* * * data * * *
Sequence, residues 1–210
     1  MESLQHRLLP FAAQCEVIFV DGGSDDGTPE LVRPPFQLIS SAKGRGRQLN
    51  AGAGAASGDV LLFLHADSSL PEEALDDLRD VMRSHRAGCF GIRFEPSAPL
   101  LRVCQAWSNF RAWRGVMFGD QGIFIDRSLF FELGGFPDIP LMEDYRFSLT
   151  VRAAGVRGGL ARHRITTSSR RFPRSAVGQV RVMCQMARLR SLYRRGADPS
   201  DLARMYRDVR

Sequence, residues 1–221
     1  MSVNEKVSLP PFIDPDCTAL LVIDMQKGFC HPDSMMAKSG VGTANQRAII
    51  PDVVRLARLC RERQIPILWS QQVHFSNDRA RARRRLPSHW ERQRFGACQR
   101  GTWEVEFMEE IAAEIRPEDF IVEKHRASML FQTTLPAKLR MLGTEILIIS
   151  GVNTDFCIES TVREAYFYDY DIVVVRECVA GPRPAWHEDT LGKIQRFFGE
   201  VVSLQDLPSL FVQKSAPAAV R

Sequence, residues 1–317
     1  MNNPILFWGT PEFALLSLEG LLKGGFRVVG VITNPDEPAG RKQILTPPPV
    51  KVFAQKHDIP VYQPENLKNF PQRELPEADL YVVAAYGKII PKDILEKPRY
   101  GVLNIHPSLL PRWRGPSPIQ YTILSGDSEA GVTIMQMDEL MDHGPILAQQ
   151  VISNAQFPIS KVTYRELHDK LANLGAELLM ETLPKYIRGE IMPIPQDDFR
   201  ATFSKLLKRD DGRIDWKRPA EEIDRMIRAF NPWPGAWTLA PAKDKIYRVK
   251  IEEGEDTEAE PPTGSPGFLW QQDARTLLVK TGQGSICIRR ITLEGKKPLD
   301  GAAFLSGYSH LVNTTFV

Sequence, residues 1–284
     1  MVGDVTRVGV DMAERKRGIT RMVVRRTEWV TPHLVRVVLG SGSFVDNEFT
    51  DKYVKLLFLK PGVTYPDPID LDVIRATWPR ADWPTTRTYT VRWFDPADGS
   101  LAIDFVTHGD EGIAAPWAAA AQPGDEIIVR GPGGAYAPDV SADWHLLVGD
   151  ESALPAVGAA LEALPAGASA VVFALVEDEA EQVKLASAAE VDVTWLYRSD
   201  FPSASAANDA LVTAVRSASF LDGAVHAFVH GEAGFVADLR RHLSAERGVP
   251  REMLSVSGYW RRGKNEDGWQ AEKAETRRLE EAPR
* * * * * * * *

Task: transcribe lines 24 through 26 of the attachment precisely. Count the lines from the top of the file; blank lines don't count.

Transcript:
   101  LAIDFVTHGD EGIAAPWAAA AQPGDEIIVR GPGGAYAPDV SADWHLLVGD
   151  ESALPAVGAA LEALPAGASA VVFALVEDEA EQVKLASAAE VDVTWLYRSD
   201  FPSASAANDA LVTAVRSASF LDGAVHAFVH GEAGFVADLR RHLSAERGVP